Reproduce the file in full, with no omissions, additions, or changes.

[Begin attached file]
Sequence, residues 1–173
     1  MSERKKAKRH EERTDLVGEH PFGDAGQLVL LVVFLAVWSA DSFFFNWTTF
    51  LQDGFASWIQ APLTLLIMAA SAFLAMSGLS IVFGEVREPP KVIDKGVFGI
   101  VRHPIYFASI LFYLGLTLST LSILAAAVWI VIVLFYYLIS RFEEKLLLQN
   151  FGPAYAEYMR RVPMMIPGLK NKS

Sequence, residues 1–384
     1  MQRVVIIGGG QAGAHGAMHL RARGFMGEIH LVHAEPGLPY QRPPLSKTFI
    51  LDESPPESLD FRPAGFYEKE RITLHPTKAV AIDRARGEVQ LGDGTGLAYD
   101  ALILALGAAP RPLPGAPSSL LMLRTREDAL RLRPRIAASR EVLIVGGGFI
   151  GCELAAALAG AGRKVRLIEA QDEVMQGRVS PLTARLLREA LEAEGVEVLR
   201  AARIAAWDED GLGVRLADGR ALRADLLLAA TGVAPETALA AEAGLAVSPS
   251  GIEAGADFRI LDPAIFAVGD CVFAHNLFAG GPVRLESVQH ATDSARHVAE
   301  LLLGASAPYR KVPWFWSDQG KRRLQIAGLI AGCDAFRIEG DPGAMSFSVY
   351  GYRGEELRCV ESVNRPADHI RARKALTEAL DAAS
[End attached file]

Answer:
Sequence, residues 1–173
     1  MSERKKAKRH EERTDLVGEH PFGDAGQLVL LVVFLAVWSA DSFFFNWTTF
    51  LQDGFASWIQ APLTLLIMAA SAFLAMSGLS IVFGEVREPP KVIDKGVFGI
   101  VRHPIYFASI LFYLGLTLST LSILAAAVWI VIVLFYYLIS RFEEKLLLQN
   151  FGPAYAEYMR RVPMMIPGLK NKS

Sequence, residues 1–384
     1  MQRVVIIGGG QAGAHGAMHL RARGFMGEIH LVHAEPGLPY QRPPLSKTFI
    51  LDESPPESLD FRPAGFYEKE RITLHPTKAV AIDRARGEVQ LGDGTGLAYD
   101  ALILALGAAP RPLPGAPSSL LMLRTREDAL RLRPRIAASR EVLIVGGGFI
   151  GCELAAALAG AGRKVRLIEA QDEVMQGRVS PLTARLLREA LEAEGVEVLR
   201  AARIAAWDED GLGVRLADGR ALRADLLLAA TGVAPETALA AEAGLAVSPS
   251  GIEAGADFRI LDPAIFAVGD CVFAHNLFAG GPVRLESVQH ATDSARHVAE
   301  LLLGASAPYR KVPWFWSDQG KRRLQIAGLI AGCDAFRIEG DPGAMSFSVY
   351  GYRGEELRCV ESVNRPADHI RARKALTEAL DAAS